Recently, we had a new 92% efficient Lennox furnace and a new Lennox air conditioning unit installed here in Winnipeg . For myself, the furnace not using the chimney is something new but the intake/outlet vents installed, basically at ground level, work very well.
There is an odd situation, however, with the new air conditioner. The heating contractor that installed the unit has looked at it several times and after changing the control board, which didn’t correct this situation, their best guess is that it’s a thermostat issue. I will probably be getting a new thermostat this summer for our single story house. The furnace fan is a 4 speed operation and we run the low speed continuously to maintain some air movement in the house. When the thermostat calls for cooling, in the summer, the furnace fan switches to high speed, stage 4, and the outside unit starts running. Approximately every 20 minutes, the furnace fan completely shuts off, very briefly for 2 or 3 seconds, but the outside unit keeps running. After that brief pause the furnace fan goes straight back to stage 4, high speed.
Are you familiar with this situation? Do you agree that it’s a thermostat issue?
Any comment you could make would be appreciated.
The recent, short spell of very hot, humid weather offers a good opportunity to answer this question as many homeowners have switched their thermostats to the cooling mode for the first time this year. To answer your first question directly, I am not familiar with that type of situation happening in the normal operation of a residential air conditioner. Having said that, I will offer some suggestions for possibilities and answer your second question in the process.
Most modern thermostats, electronic or mechanical, are designed to seamlessly switch from the heating to cooling modes with a simple adjustment of the controls. This normally requires moving a switch or pressing a button on the thermostat and lowering the temperature setting to engage the previously dormant air conditioner. With many older units, the power to the exterior condenser unit should be turned on a minimum of forty eight hours prior to use to prevent damage. Newer models may not require this precaution, but it is always a good idea to flip on the safety shut-off switch near the condenser, or the circuit breaker in the electrical panel, well in advance of lowering the thermostat. After this time has elapsed, simple adjustments on the thermostat should put the air conditioning system into full use.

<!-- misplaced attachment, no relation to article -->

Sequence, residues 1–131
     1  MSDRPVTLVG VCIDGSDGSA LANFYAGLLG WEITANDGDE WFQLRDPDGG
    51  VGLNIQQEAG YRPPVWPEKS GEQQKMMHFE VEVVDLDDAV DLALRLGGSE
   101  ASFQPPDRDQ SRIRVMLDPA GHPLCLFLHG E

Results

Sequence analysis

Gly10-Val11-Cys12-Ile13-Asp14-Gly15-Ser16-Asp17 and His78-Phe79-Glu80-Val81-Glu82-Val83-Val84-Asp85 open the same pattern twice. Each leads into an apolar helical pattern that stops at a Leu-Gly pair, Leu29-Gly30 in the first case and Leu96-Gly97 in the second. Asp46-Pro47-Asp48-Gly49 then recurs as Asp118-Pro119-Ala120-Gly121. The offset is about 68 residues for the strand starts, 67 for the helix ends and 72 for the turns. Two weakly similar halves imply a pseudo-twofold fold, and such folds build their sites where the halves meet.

Thermostats for heating, ventilation, and air conditioning (HVAC) systems work by sensing the air temperature in the conditioned space to be heated or cooled. If this air temperature is above that setting while in the cooling mode, the thermostat will send a signal to the controls in the furnace to engage the air conditioner. Under normal operation, the air conditioner will turn on and the furnace fan will begin to blow air over the inside coil until the thermostat is satisfied that the temperature has reached the desired setting. At that point the thermostat will “tell” the HVAC controls to turn off the condenser unit and then the furnace fan, in a predetermined sequence. In your situation, there appears to be a miscommunication between the thermostat and the furnace fan controls, for a brief period during the normal cycle.
There may indeed be a malfunction in the thermostat, but it is just as likely that there is a problem with the furnace controls or other safety features. There may be one main electronic circuit board in your new furnace, but there may also be other sensors and safety components that are causing this malfunction. There may be a high temperature sensor in the furnace fan motor of other component that is malfunctioning. The fact that the condenser unit continues to operate, even after the furnace fan motor briefly shuts down, may give this scenario more credibility. If the thermostat were at fault, I would expect that both the condenser and the fan would shut off, but that is only speculation, based on my limited knowledge of your particular system.
Whatever the cause of this issue you are seeing, the main consideration is whether this defect is causing a problem in the overall operation of the air conditioning system. If the furnace fan shuts off for an extended period of time, while the condenser unit is still operating, it is possible that the inside coil will freeze up due to a lack of air passing through. If the fan is only down for a few seconds, it is unlikely that would be a major problem. Checking to see that the condensate drain hose is clear and draining while the air conditioner is operating should eliminate this concern.
Modern HVAC systems have complex, high-tech electronic controls. These may malfunction, but are normally very reliable for a long period of time. Diagnosing problems with these electronic components may be beyond the knowledge or many HVAC technicians during a brief service call, so replacement of suspected defective components is often the most cost-effective way of determining where the problem lies.
If you have an older mechanical thermostat, upgrading to a programmable electronic thermostat is a wise investment for energy savings. Installation of a new unit of this type may indeed be the answer, but will be a relatively low-cost upgrade even if the problem is elsewhere.